Interview with Kunio Mikuriya, Secretary General of the World Customs Organization
What are the biggest challenges Customs authorities face from Covid-19?
Kunio Mikuriya: Customs administrations, like many essential government services, have continued to operate throughout this challenging situation to ensure the smooth supply of goods (including key medical equipment), and prevent attempts by smugglers and criminals to bring in illicit and sometimes dangerous goods.
Administrations have had to take steps to protect their staff, and ensure supply chain and business continuity, whilst putting in place extra precautions to prevent the spread of the virus. By using online platforms to manage client queries, and exploiting digital processes through internet-based Customs management systems, Customs have managed to maintain some form of normality and deploy staff from home.
The COVID-19 pandemic has shown the importance of major concepts which we have been promoting for years: an all-digital and paperless clearance process, and efficient risk management through the collection and analysis of quality data. It has also highlighted the need for Customs administrations and trade and logistics operators to engage with each other in order to obtain a clear view of the challenges faced by all sides. This line of communication will enable Customs to develop policies and processes that are fit for purpose, take adequate provisional measures to support businesses, communicate any decisions and changes rapidly and efficiently ensure compliance.
It will be interesting to monitor whether the crisis leads to some form of restructuring, i.e. whether apparel, electronics and pharmaceutical companies rethink their supply chains so that they are globally diversified and less dependent on one or two locations. In fact, changing suppliers and logistics providers, as well as revising sourcing, will become more prevalent as companies seek to better secure their supply chains. Customs may have an educational and enforcement role to play here, to provide a business-friendly environment while at the same time ensuring that these changes do not inadvertently cause compliance issues, such as violations of Customs regulations, sanctions, export controls, or other trade laws.
How can Customs administrations provide clearer information on the documentation needed for imports/exports?
Kunio Mikuriya: It is essential that information on cross-border procedures be clear and easily accessible to all interested parties. Lack of transparency has been identified as the first “chokepoint” in the supply chain.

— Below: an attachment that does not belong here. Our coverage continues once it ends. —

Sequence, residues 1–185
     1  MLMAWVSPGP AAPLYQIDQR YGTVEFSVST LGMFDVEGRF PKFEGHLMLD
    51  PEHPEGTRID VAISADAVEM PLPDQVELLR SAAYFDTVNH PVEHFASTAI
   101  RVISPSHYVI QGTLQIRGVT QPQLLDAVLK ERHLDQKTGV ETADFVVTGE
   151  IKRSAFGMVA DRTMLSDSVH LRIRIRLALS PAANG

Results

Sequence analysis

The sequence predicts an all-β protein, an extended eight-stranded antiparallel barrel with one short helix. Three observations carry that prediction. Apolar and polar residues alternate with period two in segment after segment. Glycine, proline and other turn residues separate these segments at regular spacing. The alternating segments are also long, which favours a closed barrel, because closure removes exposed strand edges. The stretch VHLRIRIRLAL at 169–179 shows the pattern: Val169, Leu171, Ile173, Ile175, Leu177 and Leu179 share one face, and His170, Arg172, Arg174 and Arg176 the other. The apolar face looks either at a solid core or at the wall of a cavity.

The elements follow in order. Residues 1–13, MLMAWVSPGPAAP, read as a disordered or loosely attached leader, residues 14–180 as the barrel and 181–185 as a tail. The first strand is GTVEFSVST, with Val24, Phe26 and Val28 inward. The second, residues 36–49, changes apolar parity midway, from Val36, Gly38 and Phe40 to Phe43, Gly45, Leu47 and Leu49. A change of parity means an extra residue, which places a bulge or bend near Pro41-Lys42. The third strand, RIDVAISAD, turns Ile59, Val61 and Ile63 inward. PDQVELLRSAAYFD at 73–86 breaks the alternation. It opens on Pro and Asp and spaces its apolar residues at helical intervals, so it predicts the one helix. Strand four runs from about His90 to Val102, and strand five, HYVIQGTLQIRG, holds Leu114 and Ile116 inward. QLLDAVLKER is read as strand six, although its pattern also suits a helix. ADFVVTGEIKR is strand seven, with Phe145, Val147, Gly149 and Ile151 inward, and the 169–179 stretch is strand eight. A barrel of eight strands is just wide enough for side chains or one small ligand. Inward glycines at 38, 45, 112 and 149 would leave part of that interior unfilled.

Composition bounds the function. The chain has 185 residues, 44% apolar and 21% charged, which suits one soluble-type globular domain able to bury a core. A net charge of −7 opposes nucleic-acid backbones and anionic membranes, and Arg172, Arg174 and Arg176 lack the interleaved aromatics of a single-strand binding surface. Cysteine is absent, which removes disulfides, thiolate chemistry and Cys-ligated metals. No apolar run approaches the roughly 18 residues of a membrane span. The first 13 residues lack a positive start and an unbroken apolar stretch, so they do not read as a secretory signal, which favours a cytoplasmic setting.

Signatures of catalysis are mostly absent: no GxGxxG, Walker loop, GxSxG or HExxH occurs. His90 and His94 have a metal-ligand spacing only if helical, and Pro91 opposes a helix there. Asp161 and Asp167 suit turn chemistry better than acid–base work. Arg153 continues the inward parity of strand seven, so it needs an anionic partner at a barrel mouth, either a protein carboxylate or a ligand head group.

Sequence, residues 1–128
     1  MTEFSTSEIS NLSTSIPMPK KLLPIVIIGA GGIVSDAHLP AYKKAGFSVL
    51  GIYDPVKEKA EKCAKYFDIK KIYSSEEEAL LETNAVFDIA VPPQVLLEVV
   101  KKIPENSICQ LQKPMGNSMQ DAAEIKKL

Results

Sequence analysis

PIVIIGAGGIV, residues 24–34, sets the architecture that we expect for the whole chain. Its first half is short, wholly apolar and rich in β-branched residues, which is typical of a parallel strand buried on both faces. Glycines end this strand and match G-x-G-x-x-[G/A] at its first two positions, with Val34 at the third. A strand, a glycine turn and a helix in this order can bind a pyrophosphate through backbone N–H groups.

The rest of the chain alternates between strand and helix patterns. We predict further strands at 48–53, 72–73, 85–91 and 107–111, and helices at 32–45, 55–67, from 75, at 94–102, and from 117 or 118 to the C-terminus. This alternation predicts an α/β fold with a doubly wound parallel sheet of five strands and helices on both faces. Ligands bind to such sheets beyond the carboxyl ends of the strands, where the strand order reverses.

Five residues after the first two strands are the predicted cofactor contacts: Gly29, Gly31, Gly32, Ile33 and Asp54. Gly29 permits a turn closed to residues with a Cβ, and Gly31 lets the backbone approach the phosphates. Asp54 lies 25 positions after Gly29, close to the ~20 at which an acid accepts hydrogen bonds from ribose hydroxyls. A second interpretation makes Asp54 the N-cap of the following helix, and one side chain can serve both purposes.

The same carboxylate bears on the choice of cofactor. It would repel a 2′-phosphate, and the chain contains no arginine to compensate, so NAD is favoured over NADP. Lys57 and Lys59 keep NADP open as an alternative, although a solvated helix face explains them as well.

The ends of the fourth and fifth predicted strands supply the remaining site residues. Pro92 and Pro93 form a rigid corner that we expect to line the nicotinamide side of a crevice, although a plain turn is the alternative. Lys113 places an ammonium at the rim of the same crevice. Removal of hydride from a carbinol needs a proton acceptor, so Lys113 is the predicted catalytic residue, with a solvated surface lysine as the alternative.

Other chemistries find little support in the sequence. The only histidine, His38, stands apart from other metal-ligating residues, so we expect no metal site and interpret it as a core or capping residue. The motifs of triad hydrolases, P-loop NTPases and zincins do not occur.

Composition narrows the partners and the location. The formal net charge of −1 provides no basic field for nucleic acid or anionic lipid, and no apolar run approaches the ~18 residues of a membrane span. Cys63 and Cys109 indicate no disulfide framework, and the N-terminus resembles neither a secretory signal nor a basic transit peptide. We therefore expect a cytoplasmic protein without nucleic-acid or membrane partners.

The need for transparency is actually embedded in several international instruments adopted by the WCO and the World Trade Organization (WTO). These include Chapter 9 of the WCO Revised Kyoto Convention (“Information, Decisions and Rulings supplied by the Customs”), the WCO Recommendation on the Use of World Wide Web sites by Customs administrations, Article X of the General Agreement on Tariffs and Trade (“Publication and Administration of Trade Regulations”), and Articles 1, 2 and 3 of the WTO Trade Facilitation Agreement (“Publication and availability of information”, “Opportunity to comment, information before entry into force, and consultations”, and “Advance rulings”, respectively). All existing provisions are explained and compiled in the WCO Transparency and Predictability Guidelines.
The requirement to publish information is not limited to Customs administrations, as it also extends to other government bodies. However, many operators may face difficulties in differentiating between the jurisdiction of Customs administrations and that of other border agencies. Customs websites should therefore provide users with the necessary trade-related information which is managed by other governmental agencies or with the necessary contact information.
Many countries have developed portals where all the trade-related information is accessible, yet the question of how to communicate more effectively still remains unanswered. That is why Customs administrations need to look beyond simply providing information and consider ways of ensuring that they communicate and engage with stakeholders. There are various levels of communication. A first level might be the provision of information upon request, via call centres or websites and different media channels. A second level would be to consult stakeholders on specific, clearly defined issues through the use of forums and committees.
A third – and more advanced – level of communication is to give stakeholders the opportunity to engage with public officials in co-creating policies. This last level illustrates the idea that communication can be used strategically to develop policies.
Communication is often limited to promoting the government’s image or disseminating news, and does not necessarily always contribute to transparency and stakeholders’ participation. There needs to be a culture shift to change this approach.